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Saturday, 23 March 2013

Book Review - Force.com Tips and Tricks

Disclaimer - I haven't purchased this book - I was sent a copy to review by the publisher.


4743EN Cover

Force.com Tips and Tricks is written by a couple of my fellow Force.com MVPs, Abhinav Gupta and Ankit Arora. It is aimed at both developers and administrators and packs a lot of information into the 200+ pages.

For Administrators

Administrators get a whole chapter dedicated to tools to make their lives easier, including those that come with the platform as standard (e.g. data loader) and a long list of code share and app exchange packages. There is also a deep dive on Salesforce analytics, covering topics such as custom report types, adding formulae to a report and setting up analytic snapshots - all of which are important for administrators wanting to get the most of the platform.  

For Developers

The book starts off with an introduction to the Force.com platform, covering key concepts for anyone starting out with Force.com development such as multi-tenancy, the metadata driven development model and governor limits. Later chapters take you through setting up development environments and migrating changes between those environments, useful tools for developers from both Salesforce and the wider community, and concludes with a couple of chapters that give great advice on writing flexible and scalable Apex and Visualforce code, as well as tips for troubleshooting when code isn't performing as expected.

For Both

For administrators wanting to understand more about maintaining and extending Force.com applications, the developer specific sections will prove very useful.  By the same token, development in Force.com starts with clicks rather than code, so the administrator-centric chapters are something that every developer should read.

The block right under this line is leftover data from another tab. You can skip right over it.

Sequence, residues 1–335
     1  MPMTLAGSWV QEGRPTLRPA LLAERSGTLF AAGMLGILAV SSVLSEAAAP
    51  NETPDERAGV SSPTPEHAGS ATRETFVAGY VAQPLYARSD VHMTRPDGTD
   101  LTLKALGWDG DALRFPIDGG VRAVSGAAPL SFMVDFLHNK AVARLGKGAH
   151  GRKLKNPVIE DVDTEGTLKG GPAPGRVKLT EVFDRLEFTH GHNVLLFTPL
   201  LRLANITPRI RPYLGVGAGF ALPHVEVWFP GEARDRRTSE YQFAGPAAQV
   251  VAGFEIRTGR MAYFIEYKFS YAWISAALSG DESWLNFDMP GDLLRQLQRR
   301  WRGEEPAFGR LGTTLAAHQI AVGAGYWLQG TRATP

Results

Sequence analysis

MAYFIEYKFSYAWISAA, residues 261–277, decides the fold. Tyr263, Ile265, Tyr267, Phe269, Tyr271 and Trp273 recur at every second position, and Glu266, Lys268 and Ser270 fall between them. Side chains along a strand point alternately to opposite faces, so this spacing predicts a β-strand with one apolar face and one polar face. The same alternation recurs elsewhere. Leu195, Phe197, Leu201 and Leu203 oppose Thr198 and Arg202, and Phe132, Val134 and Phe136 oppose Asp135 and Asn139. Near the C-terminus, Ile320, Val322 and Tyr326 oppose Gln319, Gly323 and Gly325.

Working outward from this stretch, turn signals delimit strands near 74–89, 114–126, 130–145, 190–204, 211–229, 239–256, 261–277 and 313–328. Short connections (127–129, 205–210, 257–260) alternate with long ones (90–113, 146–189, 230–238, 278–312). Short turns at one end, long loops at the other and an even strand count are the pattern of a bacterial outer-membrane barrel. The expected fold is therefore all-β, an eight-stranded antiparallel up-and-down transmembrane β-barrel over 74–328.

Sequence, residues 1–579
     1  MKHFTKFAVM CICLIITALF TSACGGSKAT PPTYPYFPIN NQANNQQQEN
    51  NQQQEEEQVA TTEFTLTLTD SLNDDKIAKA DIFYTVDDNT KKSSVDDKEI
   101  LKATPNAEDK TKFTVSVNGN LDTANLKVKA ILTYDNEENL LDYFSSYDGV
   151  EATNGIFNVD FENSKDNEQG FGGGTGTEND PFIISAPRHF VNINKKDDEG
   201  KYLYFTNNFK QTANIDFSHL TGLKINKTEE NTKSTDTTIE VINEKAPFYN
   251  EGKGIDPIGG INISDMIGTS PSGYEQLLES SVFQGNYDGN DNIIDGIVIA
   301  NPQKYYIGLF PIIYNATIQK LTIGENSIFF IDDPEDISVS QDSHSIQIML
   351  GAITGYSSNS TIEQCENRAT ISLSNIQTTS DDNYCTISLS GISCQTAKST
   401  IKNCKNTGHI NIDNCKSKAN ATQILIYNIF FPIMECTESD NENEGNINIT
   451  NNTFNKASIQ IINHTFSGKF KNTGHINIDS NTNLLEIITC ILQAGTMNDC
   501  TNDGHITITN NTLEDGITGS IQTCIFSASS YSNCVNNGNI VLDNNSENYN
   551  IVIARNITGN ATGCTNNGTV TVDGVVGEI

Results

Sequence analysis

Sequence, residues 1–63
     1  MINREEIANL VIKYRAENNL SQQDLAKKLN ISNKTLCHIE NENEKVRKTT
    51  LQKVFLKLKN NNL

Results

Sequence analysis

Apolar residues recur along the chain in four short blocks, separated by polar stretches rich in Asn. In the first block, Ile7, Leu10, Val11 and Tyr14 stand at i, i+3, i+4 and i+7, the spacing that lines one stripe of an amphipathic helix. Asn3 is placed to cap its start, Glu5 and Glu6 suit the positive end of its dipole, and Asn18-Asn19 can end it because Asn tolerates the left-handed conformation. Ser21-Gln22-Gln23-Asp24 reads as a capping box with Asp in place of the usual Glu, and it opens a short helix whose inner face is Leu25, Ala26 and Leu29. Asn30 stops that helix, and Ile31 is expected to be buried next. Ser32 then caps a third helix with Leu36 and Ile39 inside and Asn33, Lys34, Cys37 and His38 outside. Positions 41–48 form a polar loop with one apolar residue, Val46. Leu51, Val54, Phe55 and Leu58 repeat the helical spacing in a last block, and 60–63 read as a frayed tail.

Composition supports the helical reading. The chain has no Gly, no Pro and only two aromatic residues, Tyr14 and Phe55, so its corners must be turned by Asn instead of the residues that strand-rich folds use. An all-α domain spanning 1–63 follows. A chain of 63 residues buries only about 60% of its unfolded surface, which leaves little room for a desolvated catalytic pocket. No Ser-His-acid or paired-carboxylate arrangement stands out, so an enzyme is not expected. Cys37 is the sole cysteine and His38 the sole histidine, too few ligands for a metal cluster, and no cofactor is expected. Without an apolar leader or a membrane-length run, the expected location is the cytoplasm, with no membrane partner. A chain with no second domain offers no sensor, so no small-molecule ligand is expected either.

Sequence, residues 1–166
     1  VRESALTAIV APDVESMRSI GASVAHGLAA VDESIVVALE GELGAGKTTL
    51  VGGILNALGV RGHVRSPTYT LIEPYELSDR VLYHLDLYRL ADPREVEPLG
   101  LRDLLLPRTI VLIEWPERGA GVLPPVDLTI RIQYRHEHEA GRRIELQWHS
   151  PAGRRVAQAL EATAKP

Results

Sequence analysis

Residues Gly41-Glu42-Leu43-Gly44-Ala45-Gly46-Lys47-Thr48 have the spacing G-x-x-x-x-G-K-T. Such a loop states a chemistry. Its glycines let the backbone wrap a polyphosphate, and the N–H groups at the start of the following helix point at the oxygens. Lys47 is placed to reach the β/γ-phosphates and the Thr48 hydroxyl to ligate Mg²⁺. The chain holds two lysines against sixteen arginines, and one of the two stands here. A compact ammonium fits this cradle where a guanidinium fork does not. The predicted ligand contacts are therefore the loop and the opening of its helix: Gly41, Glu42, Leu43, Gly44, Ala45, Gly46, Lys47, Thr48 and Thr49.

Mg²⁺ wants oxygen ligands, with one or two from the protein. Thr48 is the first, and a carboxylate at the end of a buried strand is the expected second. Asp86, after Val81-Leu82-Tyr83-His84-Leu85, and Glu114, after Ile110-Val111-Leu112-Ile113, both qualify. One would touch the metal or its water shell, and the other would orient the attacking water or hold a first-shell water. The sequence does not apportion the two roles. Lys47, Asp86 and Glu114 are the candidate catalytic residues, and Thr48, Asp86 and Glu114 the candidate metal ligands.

This book isn't a training manual for Force.com development - where I think it would have been really useful in the past was as I was starting to carry out serious development with the platform.  I understood enough about the basics to start being productive, but when I was trying something new, I'd be searching the discussion boards and reading blogs to get more information.  With a book like this to hand I'd either have the information that I required right there, or be pointed in the right direction to find out more with minimal effort.  

 I always hope to learn something I didn't know from these books, and this time it was a number of the tools available, particularly to enforce CRUD and FLS when running in the system context.  Its certainly a useful addition to my Salesforce library and one I'm sure I'll be coming back to regularly.

Saturday, 2 March 2013

London Salesforce Developers February Meetup

Feb meetup 1 jpg large 

The February London Salesforce Developers Meetup took place this week, with 30+ people (Kingmakers!) attending. While the usual suspects were in attendance, there were quite a few new faces, which bodes well for the group.

John Stevenson gave an update on the events that are being run for the community - I can definitely say that the Git and Github Kickstarter Workshops are popular, as every time I receive a notification that one is available, by the time I click through to the details its full!

John Mahoney gave a demonstration of the steroid component library - I didn't get to see as much of this as I'd have liked to, as I was advising someone on customer portal setup in the corridor!

And in a startling development, which nobody could have predicted, I gave a short talk on Salesforce Certification!  As I served as a judge on the EMEA Technical Architect Review Board in January, I'm in a tricky position when talking about this certification. I've spent the last year trying to spread the word of how to pass the board, but that's clearly no longer appropriate. I was therefore fortunate to be joined by my colleague, and newly Certified Technical Architect, Chris Eales (@theEalesie), who talked about his experience and gave advice on how to prepare for the board, plus details of the mechanics of the process.  

The slide deck for this talk can be accessed here. (On a related note, I've added a Salesforce Certfication page to this site that contains links to all my certification related posts - you can access this from the right hand sidebar).

The meetups take place every month and include beer, pizza and plenty of time for networking.  If you haven't made one yet, we'd love to see you. Make sure to join the Meetup group to get notified of all upcoming events.